Do You Like Porn or Want It? The Difference Could Be Life Changing

Dasha Dubinsky

The age of the internet has brought with it the age of widely available porn. The majority of people reading this article have probably stumbled upon pornographic images or videos while surfing the web, voluntarily or not. For most watchers, porn is an enjoyable phenomenon that might take up some small amount of time. However, there are people for whom this once simple activity has progressed into an addiction-like dependency that leads them to seek counseling; they suffer from Problematic Pornography Use (PPU). A new study conducted this year helps understand PPU and how to treat it by examining differences in the brains of people with PPU and comparing them to those of other addicts.

The researchers compared men with PPU and men without it by tracking their responses to either erotic or monetary cues and rewards. The participants would first respond to simple cues representing the reward, either a dollar sign or a pictogram of a woman, and afterwards would receive the actual reward: a monetary amount or a pornographic image. Interestingly, all participants had similar brain reactions to the monetary components and to the erotic reward. The striking difference was the reaction of men with PPU to the erotic cue informing them they were about to receive the reward. Their reaction to this cue, i.e. their motivation to access the reward image, led to faster response times and higher brain activity in specific areas responsible for anticipation. Men with PPU had a much higher motivation to view the pornography, than the little amount of pleasure it actually brought them in comparison; a problem that is also found in people struggling with substance use disorders.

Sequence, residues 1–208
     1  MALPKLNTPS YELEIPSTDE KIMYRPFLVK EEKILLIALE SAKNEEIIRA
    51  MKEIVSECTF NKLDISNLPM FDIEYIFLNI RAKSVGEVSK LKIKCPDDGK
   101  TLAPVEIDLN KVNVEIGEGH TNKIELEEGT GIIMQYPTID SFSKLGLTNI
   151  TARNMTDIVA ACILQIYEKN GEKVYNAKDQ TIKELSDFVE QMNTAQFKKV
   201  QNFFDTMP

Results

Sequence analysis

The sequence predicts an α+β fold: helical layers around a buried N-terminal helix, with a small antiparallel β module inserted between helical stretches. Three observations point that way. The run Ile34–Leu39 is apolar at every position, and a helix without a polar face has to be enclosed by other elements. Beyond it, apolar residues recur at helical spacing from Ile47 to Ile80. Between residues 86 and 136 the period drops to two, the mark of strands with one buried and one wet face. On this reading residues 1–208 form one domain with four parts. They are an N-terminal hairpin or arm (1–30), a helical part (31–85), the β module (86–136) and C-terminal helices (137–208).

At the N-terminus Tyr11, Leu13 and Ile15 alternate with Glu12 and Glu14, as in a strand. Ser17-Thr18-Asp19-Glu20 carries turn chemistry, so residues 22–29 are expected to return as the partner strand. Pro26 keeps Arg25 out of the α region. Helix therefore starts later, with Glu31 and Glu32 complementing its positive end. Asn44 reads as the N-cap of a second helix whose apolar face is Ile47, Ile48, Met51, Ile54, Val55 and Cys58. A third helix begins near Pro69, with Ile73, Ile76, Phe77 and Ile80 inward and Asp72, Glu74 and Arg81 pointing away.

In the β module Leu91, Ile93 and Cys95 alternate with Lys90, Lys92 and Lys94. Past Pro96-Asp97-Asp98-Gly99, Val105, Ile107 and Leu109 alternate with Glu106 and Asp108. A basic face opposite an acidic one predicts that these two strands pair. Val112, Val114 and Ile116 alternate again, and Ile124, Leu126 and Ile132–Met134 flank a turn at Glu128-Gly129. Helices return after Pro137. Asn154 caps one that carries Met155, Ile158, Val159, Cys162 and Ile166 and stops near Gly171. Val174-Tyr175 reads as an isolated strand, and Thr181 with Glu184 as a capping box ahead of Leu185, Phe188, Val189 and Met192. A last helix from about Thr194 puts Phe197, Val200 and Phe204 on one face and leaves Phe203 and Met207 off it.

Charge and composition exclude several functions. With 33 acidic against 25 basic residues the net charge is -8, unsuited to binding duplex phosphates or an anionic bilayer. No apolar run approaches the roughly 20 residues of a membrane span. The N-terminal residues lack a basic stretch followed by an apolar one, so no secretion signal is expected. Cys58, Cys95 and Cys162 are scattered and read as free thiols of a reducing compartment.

These findings can be explained by the distinction in the brain between “wanting” and “liking”. While this might seem strange, the two are not always connected. “Wanting” motivates behaviors to attain something, while “liking” is associated with the pleasure received after attaining it. For example, you might want to devour that last cookie, even after having already eaten a ton, but doing so might not bring you much extra pleasure. “Wanting” to do something does not always correlate with how much enjoyment you will receive upon completing it. The brain can distinguish between the two and actually has different parts controlling “wanting” and “liking”. So what does this mean for PPU? While you might control your urge for another cookie, knowing you won’t enjoy it, an addict’s motivation can overpower them even if they don’t enjoy the end reward as much.

Although addiction to pornography is not something we typically hear about, it can still impede everyday life. People with PPU watch porn even if they don’t consciously want to and struggle to quit, even while porn takes over their time. By understanding the connection with addiction we can focus on helping these people, using methods, like unlearning cue associations, that are useful in substance abuse treatment. By continuing to research PPU we can bring people back from the dark pits of never-ending porn.

References

Gola, M., Wordecha, M., Sescousse, G., Lew-Starowicz, M., Kossowski, B., Wypych, M., … & Marchewka, A. (2017). Can pornography be addictive? An fMRI study of men seeking treatment for problematic pornography use. Neuropsychopharmacology advance online publication. doi:10.1038/npp.2017.78.

[Untitled image of Joseph Gordon Levitt in Don Jon]. Retrieved October 14, 2017 from http://ew.com/article/2013/09/26/real-don-jons-porn/.

Matthew Broderick Give It To Me gif [Online Image]. Retrieved October 14, 2017 from https://wifflegif.com/gifs/579149-matthew-broderick-give-it-to-me-gif.

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